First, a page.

The Bottom Line
CEOs of public companies who accept $1 annual salaries are certainly not hurting in the wallet. They can increase their wealth in a myriad of other ways.

Related Articles
  1. Investing Basics

    What Does Plain Vanilla Mean?

    Plain vanilla is a term used in investing to describe the most basic types of financial instruments.
  2. Options & Futures

    Pick 401(k) Assets Like A Pro

    Professionals choose the options available to you in your plan, making your decisions easier.
  3. Fundamental Analysis

    Use Options Data To Predict Stock Market Direction

    Options market trading data can provide important insights about the direction of stocks and the overall market. Here’s how to track it.
  4. Investing

    The Best Strategies to Manage Your Stock Options

    We look at strategies to help manage taxes and the exercise of incentive and non-qualified stock options.
  5. Investing Basics

    Retirement Planning Using Long-Dated Options

    Retirement planning using high-risk options? It is possible, and studies confirm better yields than conventional methods. Here’s how.
  6. Investing Basics

    Understanding Vega

    In options trading, vega represents the amount option prices are expected to change in response to a change in the underlying asset’s implied volatility.
  7. Investing Basics

    Explaining Payment-In-Kind

    With respect to financial instruments, PIK means payments made to the holder of a financial instrument that is something other than cash.
  8. Taxes

    Payroll Taxes: Picking Apart Your Paycheck

    Here's what gets deducted from your pay, what your employer pays and where your payroll taxes actually end up.
  9. Options & Futures

    Introduction to Options Types

    Options are often the bread and butter of day traders. Here are some of the more common types of options.
  10. Professionals

    Career Advice: Investment Banking Vs. Law

    Learn some of the most important differences between a career in investment banking and law, and figure out which career suits you better.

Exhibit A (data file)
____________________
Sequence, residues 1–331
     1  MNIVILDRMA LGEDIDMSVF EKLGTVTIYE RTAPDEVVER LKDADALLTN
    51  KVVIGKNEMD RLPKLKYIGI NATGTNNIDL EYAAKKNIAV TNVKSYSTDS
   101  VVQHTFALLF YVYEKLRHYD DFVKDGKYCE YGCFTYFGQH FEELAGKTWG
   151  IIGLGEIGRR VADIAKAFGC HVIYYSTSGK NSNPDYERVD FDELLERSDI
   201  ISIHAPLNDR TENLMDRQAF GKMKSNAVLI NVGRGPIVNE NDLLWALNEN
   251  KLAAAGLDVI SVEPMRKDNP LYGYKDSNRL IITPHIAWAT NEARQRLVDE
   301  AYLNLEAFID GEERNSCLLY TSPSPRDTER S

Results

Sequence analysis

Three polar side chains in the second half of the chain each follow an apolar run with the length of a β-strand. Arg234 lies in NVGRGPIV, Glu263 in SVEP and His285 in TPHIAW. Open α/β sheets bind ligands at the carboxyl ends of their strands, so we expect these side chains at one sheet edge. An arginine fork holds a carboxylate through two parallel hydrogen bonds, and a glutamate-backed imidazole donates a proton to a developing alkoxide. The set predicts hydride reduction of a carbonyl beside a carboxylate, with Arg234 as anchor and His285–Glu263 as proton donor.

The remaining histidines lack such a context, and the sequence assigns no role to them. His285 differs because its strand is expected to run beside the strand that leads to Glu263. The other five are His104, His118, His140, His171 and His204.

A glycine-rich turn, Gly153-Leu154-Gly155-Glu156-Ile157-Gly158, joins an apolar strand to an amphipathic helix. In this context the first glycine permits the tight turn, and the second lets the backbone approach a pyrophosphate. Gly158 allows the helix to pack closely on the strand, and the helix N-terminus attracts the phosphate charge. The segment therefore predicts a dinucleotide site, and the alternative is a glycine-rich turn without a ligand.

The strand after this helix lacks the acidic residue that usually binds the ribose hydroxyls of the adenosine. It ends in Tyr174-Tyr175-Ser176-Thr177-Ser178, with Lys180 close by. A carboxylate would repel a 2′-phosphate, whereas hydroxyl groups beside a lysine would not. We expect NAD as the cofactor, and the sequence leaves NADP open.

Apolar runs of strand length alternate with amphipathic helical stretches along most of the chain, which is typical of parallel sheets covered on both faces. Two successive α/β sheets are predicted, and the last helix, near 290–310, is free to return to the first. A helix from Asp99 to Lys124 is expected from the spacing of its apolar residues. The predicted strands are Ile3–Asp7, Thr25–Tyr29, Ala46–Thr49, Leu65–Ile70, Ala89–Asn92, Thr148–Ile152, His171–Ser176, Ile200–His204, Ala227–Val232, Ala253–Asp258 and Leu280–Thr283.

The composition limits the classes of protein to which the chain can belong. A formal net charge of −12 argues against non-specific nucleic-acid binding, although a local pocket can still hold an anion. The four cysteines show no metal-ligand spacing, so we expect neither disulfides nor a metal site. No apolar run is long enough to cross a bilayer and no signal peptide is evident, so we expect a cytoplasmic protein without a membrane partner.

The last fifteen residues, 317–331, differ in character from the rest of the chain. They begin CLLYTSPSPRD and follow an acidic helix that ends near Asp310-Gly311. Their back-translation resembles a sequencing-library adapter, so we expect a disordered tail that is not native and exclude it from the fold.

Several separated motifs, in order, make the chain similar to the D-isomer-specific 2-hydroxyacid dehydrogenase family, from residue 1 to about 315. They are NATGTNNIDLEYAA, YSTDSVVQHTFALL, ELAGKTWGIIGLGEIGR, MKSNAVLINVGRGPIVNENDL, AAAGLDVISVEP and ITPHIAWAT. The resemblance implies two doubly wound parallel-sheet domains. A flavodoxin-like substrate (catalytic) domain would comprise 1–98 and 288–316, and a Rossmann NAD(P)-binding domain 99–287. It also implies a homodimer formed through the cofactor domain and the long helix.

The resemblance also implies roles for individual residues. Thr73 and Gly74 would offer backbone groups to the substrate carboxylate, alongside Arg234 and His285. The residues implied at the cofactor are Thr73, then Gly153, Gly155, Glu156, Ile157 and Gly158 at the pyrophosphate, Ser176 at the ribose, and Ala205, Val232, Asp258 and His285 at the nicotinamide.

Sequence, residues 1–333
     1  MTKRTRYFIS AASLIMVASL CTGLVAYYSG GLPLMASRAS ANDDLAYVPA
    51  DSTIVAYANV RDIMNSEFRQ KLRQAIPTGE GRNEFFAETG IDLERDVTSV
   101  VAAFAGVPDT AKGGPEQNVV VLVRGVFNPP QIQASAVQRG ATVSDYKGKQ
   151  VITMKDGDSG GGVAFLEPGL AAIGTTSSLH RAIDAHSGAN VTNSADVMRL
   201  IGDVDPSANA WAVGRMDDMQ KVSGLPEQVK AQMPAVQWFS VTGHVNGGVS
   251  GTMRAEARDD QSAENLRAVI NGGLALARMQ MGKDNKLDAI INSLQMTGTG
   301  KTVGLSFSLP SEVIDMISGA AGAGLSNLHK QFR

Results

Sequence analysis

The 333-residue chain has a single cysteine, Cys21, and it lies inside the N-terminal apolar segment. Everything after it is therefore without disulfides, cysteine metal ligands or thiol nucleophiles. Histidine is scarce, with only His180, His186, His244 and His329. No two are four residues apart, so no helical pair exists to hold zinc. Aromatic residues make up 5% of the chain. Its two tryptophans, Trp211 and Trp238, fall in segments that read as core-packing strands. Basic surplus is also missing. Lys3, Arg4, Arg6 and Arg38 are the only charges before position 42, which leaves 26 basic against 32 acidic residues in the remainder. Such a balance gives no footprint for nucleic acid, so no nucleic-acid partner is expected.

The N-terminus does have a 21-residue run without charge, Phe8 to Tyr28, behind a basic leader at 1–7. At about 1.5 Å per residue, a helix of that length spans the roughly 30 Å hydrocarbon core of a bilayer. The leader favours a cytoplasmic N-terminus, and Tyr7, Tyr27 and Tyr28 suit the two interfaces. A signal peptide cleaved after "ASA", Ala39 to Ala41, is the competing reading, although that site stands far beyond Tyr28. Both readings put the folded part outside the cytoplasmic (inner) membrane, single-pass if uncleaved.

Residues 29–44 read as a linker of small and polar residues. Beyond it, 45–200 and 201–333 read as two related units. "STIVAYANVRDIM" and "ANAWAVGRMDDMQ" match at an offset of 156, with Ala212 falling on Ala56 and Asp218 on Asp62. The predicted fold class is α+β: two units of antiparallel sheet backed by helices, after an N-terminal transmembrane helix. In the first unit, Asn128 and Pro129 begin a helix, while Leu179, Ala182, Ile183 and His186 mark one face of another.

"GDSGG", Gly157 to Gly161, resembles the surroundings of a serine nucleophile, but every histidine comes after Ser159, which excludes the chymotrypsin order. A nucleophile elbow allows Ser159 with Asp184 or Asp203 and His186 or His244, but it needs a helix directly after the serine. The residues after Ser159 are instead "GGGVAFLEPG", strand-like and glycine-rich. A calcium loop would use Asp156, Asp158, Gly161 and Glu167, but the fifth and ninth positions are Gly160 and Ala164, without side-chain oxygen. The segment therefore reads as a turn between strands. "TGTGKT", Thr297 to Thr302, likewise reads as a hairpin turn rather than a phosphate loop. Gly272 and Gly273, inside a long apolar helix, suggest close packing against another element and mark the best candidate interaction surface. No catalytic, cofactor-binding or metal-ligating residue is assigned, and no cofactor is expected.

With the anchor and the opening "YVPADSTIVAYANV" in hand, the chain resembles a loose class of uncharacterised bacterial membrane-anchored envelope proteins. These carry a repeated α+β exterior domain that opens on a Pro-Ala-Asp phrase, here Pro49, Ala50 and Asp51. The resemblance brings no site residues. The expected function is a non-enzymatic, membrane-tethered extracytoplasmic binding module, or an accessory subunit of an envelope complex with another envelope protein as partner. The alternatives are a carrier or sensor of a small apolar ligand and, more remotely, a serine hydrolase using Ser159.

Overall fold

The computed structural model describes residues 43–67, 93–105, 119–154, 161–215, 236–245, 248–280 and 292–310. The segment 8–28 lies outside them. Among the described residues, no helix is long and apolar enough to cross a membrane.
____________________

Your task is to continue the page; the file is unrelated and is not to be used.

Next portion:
1. Does working capital include salaries?

    A company accrues unpaid salaries on its balance sheet as part of accounts payable, which is a current liability account, ... Read Full Answer >>
  2. Do financial advisors need to meet quotas?

    Most financial advisors are required to meet quotas, particularly if they work for firms that pay base salaries or draws ... Read Full Answer >>
  3. Can mutual funds invest in options and futures?

    Mutual funds invest in not only stocks and fixed-income securities but also options and futures. There exists a separate ... Read Full Answer >>
  4. How does a forward contract differ from a call option?

    Forward contracts and call options are different financial instruments that allow two parties to purchase or sell assets ... Read Full Answer >>
  5. What types of capital are not considered share capital?

    The money a business uses to fund operations or growth is called capital, and there are a number of capital sources available. ... Read Full Answer >>
  6. What is the difference between issued share capital and subscribed share capital?

    The difference between subscribed share capital and issued share capital is the former relates to the amount of stock for ... Read Full Answer >>

You May Also Like

Trading Center
You are using adblocking software

Want access to all of Investopedia? Add us to your “whitelist”
so you'll never miss a feature!